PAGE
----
The desertion of the three ecclesiastical princes was a prelude to that of the lay princes. When on 17 July 1245 Innocent IV had solemnly pronounced the deposition of Frederick II in the council of Lyons, and invited the Germanic princes to elect another sovereign, Henry Raspe, the Landgrave of Thuringia, who in the spring of 1242 the procurator of the Empire in Germany, he was elected antiré by the three Rhenish archbishops (Veitshochheim near Würzburg, May 22, 1246). The best support for the Swabian party now came from cities such as Cologne, Worms, Speyer, Regensburg: Frederick II’s political system had changed from the ground up. The fight could not be said to be decided, because neither Henry Raspe (died February 16, 1247), nor the new antiré William, Count of Holland (elected in Worringen near Cologne on October 3, 1247; crowned in Aachen on the 1stNovember 1248) succeeded in establishing themselves beyond the lower Rhine region, when the Swabian party suddenly lost its leaders: Frederick II, who died on 13 December 1250; his son Corrado IV, first for his descent to Italy in the autumn of 1251, then for his death near Melfi (21 May 1254).
According to Microedu, the political disorientation of Germany increased in the following period, which went down in history with the name of the great interregnum, since, if there were no kings, they lacked the recognition of most of Germany, and even the princes neglected the common interests, taking care only to draw for the benefit of their dominions the greater consequences of the concessions obtained by Frederick II. Then there was an event which seemed to have brought about a turning point in the constitutional history of Germany: the intervention of cities in the protection of common interests. Already in 1226 a league had been formed between some Rhenish cities, and in 1246 a league of Westphalian cities had arisen; on 13 July 1254 the Rhenish cities formed a federative bond among themselves for the defense of internal peace, and William of Holland supported their action. In 1255 the representatives of the cities appeared alongside those of the feudal classes; d ‘ on the other hand the members of these also joined the league. But the crisis following the death of William of Holland (January 28, 1256) cut off the interesting evolution, which led the cities to compete in the government of the state. When the princes split into two parties, they elected two kings, Richard of Cornwall (13 January 1257) and Alfonso X king of Castile (theApril), both related by women to the Hohenstaufen, the cities left without consequences the solemn declaration of March 17 and August 1256, which would recognize only a unanimously elected king, and also divided according to their own advantage. of selfish interests. The league failed the test of fire, and fell apart. Of the two kings, Alfonso X was never seen in Germany either; Richard, made only fleeting appearances there, and died far away on 2 April 1272. The calculation that had guided the princes in the choice of the two foreign princes, that is, to give the crown to those who, due to their own weakness and distance of interests, would not have could have hindered their personal ambitions, it was correct. The Wittelsbachs and Ottokar of Bohemia especially earned it. The first, to the Palatinate of the Rhine and to the Duchy of Bavaria they united the Duchy of Swabia by investiture of Richard; and, on the death of the unhappy Conrad of Hohenstaufen (1268), they also bought the allodial possessions of the ancient imperial family. Ottokar II of Bohemia, whose father (died in 1230) had obtained the hereditary title of king from Philip of Swabia in 1198, which Frederick II had confirmed to him in 1212, now obtained (1262) from Richard the confirmation of the duchies of Austria and of Styria, where the house of the Babenbergs was extinct (1246), and which, moreover, had already done so for some time (1251, 1260). In addition, the Bohemian king was also called heir in Carinthia and Carniola by the last duke, who took over in 1269. In Germany, abandoned to unbridled selfishness, private wars raged, Landfriede here and there banned. Meanwhile, France undermined German influence in the regions on the western frontier. To the south-west, the Angevin occupation of Provence (1246) also opened up Italy to French penetration, breaking the barrier that Conrad II had tried to establish by making the kingdom of Burgundy his own. To the northwest, France attracted the imperial fiefs of the counts of Flanders into its sphere of action, intervening as arbitrator together with Pope Gregory IX in the struggles for their succession (1244-1256).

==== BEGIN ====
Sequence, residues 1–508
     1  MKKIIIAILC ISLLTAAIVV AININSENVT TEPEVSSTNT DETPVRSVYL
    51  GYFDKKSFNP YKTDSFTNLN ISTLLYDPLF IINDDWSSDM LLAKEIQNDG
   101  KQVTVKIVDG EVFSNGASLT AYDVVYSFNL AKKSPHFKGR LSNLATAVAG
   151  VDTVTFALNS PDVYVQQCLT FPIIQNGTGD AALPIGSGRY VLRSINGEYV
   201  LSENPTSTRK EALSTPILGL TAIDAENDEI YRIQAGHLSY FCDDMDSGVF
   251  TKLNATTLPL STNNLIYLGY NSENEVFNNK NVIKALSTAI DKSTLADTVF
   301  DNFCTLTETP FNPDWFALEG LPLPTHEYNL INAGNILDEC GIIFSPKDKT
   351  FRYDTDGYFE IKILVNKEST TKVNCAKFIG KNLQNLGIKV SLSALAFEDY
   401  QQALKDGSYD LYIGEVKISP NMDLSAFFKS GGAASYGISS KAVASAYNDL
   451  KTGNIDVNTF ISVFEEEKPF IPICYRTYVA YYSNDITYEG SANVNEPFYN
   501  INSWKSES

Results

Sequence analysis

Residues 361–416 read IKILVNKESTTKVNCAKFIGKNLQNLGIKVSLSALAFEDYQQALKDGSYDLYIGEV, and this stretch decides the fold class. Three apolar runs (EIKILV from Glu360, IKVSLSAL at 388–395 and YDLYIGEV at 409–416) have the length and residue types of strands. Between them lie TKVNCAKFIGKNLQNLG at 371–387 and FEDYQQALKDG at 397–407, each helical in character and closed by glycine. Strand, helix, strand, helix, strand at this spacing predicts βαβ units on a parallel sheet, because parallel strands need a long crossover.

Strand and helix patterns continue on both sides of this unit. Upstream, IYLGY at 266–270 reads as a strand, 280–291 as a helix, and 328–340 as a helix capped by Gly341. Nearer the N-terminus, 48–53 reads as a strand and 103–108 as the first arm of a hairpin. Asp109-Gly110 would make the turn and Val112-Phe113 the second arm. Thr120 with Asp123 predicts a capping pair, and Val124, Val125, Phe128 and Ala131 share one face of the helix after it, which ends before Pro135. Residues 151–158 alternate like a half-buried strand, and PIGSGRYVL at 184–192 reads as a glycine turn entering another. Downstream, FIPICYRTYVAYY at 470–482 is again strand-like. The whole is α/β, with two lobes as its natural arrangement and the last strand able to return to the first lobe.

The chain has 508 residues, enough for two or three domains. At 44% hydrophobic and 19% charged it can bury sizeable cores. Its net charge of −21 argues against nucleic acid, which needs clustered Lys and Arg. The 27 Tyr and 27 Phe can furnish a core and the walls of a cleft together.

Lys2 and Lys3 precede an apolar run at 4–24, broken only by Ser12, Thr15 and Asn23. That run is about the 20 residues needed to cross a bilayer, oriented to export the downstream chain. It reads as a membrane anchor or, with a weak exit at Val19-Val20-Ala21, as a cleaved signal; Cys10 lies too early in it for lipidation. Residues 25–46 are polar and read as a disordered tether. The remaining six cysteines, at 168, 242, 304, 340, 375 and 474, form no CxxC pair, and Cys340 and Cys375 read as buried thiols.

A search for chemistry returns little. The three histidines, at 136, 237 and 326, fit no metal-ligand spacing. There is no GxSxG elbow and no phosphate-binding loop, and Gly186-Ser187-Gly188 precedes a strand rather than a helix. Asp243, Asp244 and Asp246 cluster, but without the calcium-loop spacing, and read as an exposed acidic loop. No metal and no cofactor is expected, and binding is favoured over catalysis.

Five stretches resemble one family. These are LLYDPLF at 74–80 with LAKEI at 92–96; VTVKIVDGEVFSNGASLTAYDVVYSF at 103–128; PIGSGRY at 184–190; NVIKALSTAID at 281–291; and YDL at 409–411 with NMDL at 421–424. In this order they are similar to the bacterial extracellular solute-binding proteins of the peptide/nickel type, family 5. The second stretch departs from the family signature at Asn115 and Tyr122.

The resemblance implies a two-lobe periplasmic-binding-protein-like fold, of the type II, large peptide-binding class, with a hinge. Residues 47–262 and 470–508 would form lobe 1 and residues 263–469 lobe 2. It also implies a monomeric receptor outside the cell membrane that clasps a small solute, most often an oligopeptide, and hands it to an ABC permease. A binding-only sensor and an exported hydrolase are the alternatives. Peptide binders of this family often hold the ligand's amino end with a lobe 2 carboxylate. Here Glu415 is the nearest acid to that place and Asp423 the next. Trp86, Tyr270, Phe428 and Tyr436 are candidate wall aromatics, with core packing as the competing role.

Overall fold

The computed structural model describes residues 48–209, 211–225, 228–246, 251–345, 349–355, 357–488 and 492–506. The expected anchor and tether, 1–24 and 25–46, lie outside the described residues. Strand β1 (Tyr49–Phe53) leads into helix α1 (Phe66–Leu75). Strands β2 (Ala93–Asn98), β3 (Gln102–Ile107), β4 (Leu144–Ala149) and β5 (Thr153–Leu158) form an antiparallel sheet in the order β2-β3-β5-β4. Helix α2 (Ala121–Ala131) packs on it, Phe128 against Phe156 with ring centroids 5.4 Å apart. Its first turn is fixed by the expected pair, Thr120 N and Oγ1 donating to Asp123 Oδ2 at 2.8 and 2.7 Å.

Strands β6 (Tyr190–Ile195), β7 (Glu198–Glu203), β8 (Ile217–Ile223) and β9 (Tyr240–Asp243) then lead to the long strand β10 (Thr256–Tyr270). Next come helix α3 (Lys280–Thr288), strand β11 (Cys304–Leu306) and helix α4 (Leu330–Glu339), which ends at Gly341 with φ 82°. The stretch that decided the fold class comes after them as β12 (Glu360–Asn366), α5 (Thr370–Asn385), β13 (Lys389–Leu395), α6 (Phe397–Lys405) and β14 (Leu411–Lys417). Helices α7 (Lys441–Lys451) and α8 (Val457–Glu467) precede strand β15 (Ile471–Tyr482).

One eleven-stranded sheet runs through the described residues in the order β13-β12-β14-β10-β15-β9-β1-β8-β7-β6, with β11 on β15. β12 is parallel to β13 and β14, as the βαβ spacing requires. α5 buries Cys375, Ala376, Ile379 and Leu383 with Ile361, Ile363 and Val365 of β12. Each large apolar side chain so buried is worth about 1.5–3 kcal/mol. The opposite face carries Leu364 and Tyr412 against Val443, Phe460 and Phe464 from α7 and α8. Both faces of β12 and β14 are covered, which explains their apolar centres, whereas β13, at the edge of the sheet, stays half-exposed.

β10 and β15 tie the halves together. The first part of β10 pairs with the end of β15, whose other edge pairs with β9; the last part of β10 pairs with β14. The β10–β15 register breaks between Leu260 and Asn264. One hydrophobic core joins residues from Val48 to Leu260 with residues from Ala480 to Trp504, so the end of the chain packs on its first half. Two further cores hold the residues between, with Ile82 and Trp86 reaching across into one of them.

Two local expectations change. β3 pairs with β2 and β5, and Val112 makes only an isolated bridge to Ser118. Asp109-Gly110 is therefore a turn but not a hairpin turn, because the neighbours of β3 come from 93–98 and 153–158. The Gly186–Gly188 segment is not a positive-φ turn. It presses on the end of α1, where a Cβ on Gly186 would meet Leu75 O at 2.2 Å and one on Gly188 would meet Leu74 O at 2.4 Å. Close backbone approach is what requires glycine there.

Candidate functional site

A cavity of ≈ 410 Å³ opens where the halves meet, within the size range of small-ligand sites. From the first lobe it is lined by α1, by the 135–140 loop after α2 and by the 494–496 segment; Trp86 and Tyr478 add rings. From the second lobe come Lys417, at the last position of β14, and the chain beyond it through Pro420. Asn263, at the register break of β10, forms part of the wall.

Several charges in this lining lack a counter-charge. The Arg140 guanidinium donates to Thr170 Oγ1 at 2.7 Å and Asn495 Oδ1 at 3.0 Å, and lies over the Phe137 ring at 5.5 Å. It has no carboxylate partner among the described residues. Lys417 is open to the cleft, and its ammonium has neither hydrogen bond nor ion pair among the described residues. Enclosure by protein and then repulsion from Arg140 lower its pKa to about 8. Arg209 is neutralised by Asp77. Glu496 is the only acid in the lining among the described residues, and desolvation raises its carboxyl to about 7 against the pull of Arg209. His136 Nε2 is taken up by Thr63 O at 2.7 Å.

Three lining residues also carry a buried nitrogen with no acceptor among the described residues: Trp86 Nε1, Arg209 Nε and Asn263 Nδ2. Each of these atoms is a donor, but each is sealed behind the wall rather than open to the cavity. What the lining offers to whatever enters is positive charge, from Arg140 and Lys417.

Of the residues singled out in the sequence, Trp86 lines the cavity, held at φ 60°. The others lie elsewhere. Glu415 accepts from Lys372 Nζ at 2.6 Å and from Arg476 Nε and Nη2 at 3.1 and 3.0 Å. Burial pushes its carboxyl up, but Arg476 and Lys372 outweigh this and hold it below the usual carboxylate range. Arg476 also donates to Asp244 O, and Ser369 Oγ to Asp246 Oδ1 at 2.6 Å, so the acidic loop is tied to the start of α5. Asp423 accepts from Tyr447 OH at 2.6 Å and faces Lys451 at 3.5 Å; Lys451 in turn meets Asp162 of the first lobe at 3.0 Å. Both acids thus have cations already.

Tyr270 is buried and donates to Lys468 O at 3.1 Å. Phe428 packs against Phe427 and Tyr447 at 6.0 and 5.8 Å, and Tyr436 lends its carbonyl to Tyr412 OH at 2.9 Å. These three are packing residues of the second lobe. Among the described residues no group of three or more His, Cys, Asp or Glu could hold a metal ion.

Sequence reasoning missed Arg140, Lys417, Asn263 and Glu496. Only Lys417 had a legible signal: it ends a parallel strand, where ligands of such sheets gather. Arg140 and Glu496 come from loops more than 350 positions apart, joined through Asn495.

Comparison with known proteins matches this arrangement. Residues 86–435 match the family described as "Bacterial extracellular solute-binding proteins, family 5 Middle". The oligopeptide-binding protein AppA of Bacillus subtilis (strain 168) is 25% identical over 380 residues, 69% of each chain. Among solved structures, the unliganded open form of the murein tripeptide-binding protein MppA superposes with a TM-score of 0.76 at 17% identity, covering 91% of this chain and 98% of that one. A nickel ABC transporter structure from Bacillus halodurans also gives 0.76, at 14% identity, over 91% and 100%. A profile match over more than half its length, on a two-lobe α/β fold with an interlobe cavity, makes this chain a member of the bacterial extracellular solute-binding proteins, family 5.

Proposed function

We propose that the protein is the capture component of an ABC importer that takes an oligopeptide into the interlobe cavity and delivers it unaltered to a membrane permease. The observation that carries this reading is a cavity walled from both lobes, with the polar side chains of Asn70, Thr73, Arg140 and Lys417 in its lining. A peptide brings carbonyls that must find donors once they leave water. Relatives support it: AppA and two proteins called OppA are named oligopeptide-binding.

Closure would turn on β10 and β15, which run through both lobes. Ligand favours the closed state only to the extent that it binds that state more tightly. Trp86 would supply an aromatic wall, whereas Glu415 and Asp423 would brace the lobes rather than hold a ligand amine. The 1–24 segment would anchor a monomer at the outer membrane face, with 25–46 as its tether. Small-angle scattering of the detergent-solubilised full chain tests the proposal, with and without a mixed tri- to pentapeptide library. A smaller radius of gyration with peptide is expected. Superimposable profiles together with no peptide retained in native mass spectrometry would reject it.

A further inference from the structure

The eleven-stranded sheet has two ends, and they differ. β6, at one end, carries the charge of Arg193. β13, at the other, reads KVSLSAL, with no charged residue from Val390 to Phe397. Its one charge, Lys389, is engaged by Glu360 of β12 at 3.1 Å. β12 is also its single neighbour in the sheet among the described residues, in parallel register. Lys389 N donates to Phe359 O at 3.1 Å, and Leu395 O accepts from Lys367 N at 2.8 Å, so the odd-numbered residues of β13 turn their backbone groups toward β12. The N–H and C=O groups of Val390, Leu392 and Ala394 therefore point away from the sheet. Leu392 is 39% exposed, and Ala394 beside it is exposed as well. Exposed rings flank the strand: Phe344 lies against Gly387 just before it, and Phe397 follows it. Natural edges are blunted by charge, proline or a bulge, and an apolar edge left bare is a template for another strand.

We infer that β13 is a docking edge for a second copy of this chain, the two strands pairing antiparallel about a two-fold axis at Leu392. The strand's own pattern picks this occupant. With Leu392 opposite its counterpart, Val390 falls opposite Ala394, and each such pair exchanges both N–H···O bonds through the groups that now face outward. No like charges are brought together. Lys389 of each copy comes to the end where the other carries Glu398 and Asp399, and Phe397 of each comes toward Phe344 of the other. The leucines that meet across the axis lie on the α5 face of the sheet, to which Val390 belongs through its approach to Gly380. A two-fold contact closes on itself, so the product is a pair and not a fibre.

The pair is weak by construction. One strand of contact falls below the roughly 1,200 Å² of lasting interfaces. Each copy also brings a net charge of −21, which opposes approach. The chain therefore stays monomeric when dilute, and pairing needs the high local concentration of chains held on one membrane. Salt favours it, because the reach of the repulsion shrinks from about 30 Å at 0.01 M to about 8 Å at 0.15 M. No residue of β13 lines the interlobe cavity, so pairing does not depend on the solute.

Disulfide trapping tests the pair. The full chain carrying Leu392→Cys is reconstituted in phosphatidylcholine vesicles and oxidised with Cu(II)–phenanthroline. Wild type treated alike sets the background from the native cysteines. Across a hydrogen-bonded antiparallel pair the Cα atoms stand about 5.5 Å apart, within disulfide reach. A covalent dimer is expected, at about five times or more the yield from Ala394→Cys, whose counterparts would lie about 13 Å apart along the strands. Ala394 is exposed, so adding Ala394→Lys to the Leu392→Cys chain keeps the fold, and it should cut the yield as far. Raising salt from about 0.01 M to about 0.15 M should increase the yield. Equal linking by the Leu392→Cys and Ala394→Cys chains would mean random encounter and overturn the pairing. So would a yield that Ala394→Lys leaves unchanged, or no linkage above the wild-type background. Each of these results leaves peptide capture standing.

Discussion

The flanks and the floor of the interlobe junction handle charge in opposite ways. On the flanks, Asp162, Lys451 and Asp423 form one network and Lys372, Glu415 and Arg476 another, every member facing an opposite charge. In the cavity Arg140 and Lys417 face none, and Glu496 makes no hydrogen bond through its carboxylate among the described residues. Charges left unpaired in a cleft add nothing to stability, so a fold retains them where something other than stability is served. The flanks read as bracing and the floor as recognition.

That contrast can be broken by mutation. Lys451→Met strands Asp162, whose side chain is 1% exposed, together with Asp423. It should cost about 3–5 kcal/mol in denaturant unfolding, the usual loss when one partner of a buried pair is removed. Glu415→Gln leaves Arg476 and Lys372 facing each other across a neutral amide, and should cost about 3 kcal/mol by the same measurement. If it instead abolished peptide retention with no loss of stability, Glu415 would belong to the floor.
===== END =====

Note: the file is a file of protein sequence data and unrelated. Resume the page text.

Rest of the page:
However, in the general anarchy produced by the anti-Swabian wars and the interregnum, some elements had also been fixed, which will characterize the history of Germany in the following period: the identification, among the principles, of a minority intended to predominate in matters of government, and that for the moment he concretizes his eminent position in making himself the arbiter of the choice of the sovereign; the establishment, in the lower strata of the feudal classes, of that spirit of robbery and violence in the knightly class, which will be the cause of so much misery for Germany; the development of municipal autonomies; and, above all, the great phenomenon of German expansion in the northern and eastern regions.